The tests were conducted in a quiet room with temperature maintained at 22 °C. All subjects were instructed to avoid strenuous activity in the 24hrs prior to each testing session and to avoid alcohol, caffeine, and the consumption of large meals for at least 3hrs prior to testing. In the first visit to the lab, all subjects were instructed to lie in the supine position for 10min at rest while breathing normally. A heart rate monitor Polar RS810 (Polar, Finland) working at a sampling rate of 1000Hz was used to record RR intervals (RRi) during this period. The tachograms of RRi were transferred using an infrared interface device to the Polar Precision Performance SW software v.3.0 (Polar, Finland), which automatically corrects RRi based on moving average filter. All records of sample data showed less than 2% error and were then saved to “.txt” files.

In a second visit to the lab performed on a different day, a maximal cardiopulmonary exercise test was performed using a mechanically braked cycle ergometer 167 (Ergofit, Germany). The seat height was adjusted according to the lower limb length and the handlebars matched to the subject’s own riding position. The protocol was divided into three phases:

1. Rest-4 min seated rest.

2. Test-incremental workload until exhaustion (25W·min-1, maintaining 50 to 60rev·min-1).

3. Recovery-15min recovery, the first 3min consisting of active cycling (12.5W) followed by a 12-min passive rest.

Throughout the tests, the pulmonary gas exchange variables were determined breath-by-breath using a VO2 OOO metabolic analyzer (Med Graphics, EUA), which was calibrated in automatic mode before each test. The oxygen consumption and other variables were continuously drawn from the facemask connection that was sampled at intervals of 20sec. The aerobic fitness of the subjects was expressed by the values of VO2 max at peak conditions. For safety concerns, electrocardiogram was monitored during the test using a multi-parametric monitor (Dixtal, Brazil).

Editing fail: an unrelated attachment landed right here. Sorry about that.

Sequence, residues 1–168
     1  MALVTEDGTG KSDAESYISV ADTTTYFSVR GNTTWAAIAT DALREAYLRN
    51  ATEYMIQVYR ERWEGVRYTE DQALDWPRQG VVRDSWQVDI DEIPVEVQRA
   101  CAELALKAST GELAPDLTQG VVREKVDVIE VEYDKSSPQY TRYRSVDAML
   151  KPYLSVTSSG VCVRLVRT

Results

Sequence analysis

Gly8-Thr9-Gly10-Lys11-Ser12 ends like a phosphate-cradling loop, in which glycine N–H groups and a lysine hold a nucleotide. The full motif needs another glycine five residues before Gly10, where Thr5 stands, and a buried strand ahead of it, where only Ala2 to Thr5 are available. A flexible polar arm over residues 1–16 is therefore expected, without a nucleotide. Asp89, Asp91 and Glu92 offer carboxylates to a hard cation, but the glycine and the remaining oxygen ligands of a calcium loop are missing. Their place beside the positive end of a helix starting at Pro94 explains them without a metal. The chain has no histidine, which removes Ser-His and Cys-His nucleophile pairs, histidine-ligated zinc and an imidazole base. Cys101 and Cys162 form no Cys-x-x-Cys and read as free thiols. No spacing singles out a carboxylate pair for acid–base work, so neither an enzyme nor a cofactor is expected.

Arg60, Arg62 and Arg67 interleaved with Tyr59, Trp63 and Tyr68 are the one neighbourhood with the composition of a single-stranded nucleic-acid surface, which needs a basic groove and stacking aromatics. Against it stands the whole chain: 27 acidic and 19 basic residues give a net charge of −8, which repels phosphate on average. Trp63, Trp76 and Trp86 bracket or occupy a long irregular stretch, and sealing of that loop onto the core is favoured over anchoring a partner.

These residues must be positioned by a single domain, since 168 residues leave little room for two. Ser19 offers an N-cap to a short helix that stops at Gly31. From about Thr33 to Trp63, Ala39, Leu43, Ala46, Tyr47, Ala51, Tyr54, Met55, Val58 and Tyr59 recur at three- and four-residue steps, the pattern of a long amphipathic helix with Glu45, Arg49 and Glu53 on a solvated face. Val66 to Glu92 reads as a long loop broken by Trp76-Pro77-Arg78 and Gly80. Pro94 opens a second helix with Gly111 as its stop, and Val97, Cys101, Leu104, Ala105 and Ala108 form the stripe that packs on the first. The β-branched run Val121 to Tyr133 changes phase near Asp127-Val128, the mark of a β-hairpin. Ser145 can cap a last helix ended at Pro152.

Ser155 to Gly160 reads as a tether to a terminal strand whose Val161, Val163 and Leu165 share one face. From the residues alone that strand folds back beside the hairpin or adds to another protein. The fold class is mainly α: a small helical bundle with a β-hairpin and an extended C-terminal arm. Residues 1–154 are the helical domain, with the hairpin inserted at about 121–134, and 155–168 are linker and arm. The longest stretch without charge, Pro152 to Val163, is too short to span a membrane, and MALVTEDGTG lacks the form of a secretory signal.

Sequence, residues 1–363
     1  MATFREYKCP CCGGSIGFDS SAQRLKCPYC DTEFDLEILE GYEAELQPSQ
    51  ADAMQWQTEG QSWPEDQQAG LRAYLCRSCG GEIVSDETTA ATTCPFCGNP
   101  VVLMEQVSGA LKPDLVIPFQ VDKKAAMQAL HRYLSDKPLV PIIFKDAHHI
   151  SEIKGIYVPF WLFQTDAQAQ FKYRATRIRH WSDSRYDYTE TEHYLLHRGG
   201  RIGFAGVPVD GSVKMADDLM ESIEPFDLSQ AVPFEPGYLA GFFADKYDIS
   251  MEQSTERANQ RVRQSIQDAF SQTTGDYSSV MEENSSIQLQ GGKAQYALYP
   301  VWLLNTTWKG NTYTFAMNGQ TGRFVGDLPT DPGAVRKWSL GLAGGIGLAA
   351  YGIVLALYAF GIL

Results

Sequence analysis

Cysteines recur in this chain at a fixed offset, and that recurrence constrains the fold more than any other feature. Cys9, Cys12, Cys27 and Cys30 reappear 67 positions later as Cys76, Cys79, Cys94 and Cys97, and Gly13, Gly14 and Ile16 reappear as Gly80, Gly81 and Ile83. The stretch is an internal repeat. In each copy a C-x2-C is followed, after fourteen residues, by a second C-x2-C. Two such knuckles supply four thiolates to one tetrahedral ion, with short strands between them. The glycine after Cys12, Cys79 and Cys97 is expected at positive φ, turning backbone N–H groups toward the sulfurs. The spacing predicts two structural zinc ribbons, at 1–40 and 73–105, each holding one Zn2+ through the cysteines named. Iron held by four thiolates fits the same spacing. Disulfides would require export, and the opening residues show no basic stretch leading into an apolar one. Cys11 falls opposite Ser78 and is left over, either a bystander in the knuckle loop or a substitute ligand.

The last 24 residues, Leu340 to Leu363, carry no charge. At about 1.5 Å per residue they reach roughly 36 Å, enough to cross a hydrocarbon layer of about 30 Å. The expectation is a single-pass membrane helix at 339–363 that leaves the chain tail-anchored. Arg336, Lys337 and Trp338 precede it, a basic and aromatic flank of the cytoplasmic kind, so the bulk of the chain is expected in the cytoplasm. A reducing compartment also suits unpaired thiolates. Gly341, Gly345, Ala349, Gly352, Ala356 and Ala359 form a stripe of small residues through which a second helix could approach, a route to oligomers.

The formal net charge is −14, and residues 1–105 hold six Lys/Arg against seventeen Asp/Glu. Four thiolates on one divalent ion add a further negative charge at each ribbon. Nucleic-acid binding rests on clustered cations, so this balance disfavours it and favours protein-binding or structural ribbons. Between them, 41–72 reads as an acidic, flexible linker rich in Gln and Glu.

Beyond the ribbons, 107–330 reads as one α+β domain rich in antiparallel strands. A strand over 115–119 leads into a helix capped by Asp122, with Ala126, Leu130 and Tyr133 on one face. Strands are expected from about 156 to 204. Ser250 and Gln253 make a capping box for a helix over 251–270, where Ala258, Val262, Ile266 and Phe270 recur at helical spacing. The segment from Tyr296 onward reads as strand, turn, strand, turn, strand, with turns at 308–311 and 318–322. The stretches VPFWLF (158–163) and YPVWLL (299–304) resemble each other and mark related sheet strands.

Data Analysis

The HRV analysis in the time domain was performed by the Sinus Cor [37] Matlab package software (Pulmonary Engineering, PEB/COPPE/UFRJ, Brazil) to obtain the classical parameters

1. pNN50 - the percentage of times in which the change in consecutive normal sinus (NN) intervals exceeded 50ms.

2. SDNN-The standard deviation (SD) of all NN intervals (SDNN).

3. RMSSD-The root mean square of SD between adjacent NN intervals.<./

4. Mean RRi-The mean of NN intervals. The RRi series was interpolated by cubic splines and resampled with a frequency of 4Hz to obtain equally sampled signal.

The spectral analysis was then performed using the Welch Periodogram Method (segments of 256 points with 128 points of overlap using Hanning window), to obtain the spectral indexes:

1. LF - low-frequency (0.04-0.15Hz).

2. HF - high-frequency (0.15-0.40Hz).

3. LF/HF ratio. All parameters were computed as recommended by the Task Force of the European Society of Cardiology and the North American Society of Pacing and Electrophysiology [38].

Following the original proposal of Bauer et al. [30], the decreasing and increasing phases of heart rate were also analyzed separately, in order to better estimate the contributions of the parasympathetic and sympathetic control, respectively. In the present study, a simplification was proposed. First, a vector was created of the differences between successive elements of RRi series and, then, the Cardiac-Deceleration Rate (CDR) was defined as the mean of the positive values, and the Cardiac Acceleration Rate (CAR) as the mean of the negative values. All signal analysis procedures were performed with programs written in Matlab version 6.5 (The Math Works, USA).